wherein the pattern includes a second set of stripes disposed at the second assigned angle, resulting in a cross-hatched design.
17. The system of claim 10, wherein the set of hue components includes at least one of red, yellow, green, cyan, blue, and magenta.
18. The system of claim 10, wherein the first set of stripes includes stripes that are at least one of solid lines, dashed lines, dotted lines, and wavy lines.
Description
REFERENCE TO RELATED APPLICATIONS

This application is a continuation-in-part of U.S. patent application Ser. No. 11/633,957 filed Dec. 5, 2006, entitled “Technique For Enabling Color Blind Persons To Distinguish Between Various Colors”, and naming Peter Jones and Dennis Purcell as inventors, which is a continuation-in-part of U.S. Ser. No. 10/388,803 filed Mar. 13, 2003, now U.S. Pat. No. 7,145,571 entitled “Technique For Enabling Color Blind Persons To Distinguish Between Various Colors”, also naming Peter Jones and Dennis Purcell as inventors, which claims priority to U.S. Provisional Application Ser. No. 60/422,960 filed Nov. 1, 2002, entitled “Technique For Enabling Color Blind Persons To Distinguish Between Various Colors”, also naming Peter Jones and Dennis Purcell as inventors, and claims priority to U.S. Provisional Application Ser. No. 60/785,327 filed on Mar. 22, 2006, entitled “Technique For Enabling Color Blind Persons To Distinguish Between Various Colors,” and also naming Peter Jones and Dennis Purcell as inventors, the contents of all of which are hereby incorporated by reference in their entirety.

BACKGROUND OF THE INVENTION

Color-blind persons have difficulty distinguishing various colors. Persons whose color vision is impaired include, for example, those who confuse reds and greens (e.g., either protanopia: having defective red cones or deuteranopia: having defective green cones). Jennifer Birch, Diagnosis of Defective Color Vision, Butterworth Heinman (2002). For these people visual discrimination of color-coded data is practically impossible when green, red or yellow data is adjacent. In the color space of such persons, the red-green hue dimension is missing, and red and green are both seen as yellow; they have only the yellow-blue dimension. Even people with normal color vision can, at times, have difficulty distinguishing between colors. As for elderly persons, as a person ages clouding of the lenses of their eyes tends to occur, due, for example, to cataracts. The elderly often experience changes in their ability to sense colors, and many see objects as if they have been viewed through yellowish filters. Additionally, over time ultraviolet rays degenerate proteins in the eye, and light having short wavelengths is absorbed and blue cone sensitivity is thereby reduced. As a result, the appearance of all colors changes, yellow tending to predominate, or a blue or a bluish violet color tends to become darker. Specifically, “white and yellow,” “blue and black” and “green and blue” are difficult to distinguish. Similarly, even a healthy individual with “normal” vision can perceive colors differently when they are at an altitude that is greater than they are normally used to, or under certain medications.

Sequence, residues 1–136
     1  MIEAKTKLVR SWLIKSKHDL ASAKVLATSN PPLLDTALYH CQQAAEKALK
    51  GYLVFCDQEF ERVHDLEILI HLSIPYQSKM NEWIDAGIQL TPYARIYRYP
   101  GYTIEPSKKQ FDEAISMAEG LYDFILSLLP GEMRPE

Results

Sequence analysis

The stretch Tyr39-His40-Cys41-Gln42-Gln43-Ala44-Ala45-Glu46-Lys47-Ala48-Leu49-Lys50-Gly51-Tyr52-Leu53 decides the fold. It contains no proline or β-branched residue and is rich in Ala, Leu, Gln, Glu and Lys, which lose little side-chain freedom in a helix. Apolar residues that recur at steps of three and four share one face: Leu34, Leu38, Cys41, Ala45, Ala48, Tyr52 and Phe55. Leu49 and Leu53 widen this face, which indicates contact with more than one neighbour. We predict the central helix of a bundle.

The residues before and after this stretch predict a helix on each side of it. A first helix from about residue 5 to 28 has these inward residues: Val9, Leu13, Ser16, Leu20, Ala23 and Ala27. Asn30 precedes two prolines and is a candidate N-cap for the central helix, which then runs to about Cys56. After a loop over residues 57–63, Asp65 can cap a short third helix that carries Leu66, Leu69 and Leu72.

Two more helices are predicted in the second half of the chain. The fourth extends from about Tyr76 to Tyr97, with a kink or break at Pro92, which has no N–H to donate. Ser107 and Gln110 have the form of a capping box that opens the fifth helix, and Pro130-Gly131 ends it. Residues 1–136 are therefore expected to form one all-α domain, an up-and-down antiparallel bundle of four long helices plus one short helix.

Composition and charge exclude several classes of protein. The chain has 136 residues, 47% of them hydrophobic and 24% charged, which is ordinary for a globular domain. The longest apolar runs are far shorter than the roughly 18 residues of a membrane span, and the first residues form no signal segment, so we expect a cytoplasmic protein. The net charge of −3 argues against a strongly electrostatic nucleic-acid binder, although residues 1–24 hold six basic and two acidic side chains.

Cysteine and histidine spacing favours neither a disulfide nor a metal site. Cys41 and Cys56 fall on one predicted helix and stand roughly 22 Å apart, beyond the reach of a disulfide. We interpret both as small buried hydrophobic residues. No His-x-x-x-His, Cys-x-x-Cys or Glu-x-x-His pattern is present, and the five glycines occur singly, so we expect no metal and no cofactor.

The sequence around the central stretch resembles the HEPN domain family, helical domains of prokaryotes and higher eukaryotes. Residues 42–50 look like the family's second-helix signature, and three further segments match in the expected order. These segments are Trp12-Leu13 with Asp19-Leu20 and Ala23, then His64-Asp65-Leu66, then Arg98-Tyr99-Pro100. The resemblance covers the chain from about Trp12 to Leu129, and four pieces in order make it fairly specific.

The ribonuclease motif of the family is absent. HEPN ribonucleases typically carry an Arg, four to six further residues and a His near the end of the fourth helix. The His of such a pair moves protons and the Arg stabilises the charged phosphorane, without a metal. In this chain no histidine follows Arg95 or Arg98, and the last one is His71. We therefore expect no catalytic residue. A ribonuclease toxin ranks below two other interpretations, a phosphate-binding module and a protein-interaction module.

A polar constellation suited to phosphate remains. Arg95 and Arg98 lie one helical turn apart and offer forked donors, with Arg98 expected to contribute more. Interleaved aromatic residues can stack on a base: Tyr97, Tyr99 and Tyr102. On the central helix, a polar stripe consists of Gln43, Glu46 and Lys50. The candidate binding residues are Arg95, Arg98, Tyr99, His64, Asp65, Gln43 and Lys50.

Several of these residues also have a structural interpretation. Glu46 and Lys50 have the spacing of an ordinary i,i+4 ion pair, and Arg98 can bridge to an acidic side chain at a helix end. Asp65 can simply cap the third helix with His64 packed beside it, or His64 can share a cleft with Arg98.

To overcome the inability to distinguish colors, such individuals become adept at identifying and learning reliable cues that indicate the color of an object, such as by knowing that a stop sign is red or that a banana is typically yellow. However, absent these cues, the effect of being color-blind is that they are often unable to reliably distinguish colors of various objects and images, including in cases where the color provides information that is important or even critical to an accurate interpretation of the object or image. Common examples of such objects and images include lighted and non-lighted traffic signals, and pie-charts/graphs of financial information and maps. Moreover, with the proliferation of color computer displays, more and more information is being delivered electronically and visually and usually with color coded information.

To address the fact that important information may be color coded, engineers and scientists have developed a number of devices to aid a color-blind person. For example, U.S. Pat. No. 4,300,819 describes eyeglasses for distinguishing colors using one colored and one clear lens. Similarly, U.S. Pat. No. 4,998,817 describes a corneal contact lens for distinguishing of colors, which is clear except for a thin red exterior layer covering the area admitting light to the pupil.

Although such devices provide some benefit, they are cumbersome to use and have limited effectiveness in that only one color is adjusted, and the user cannot expand or change the manner in which the device alters the perceived color space.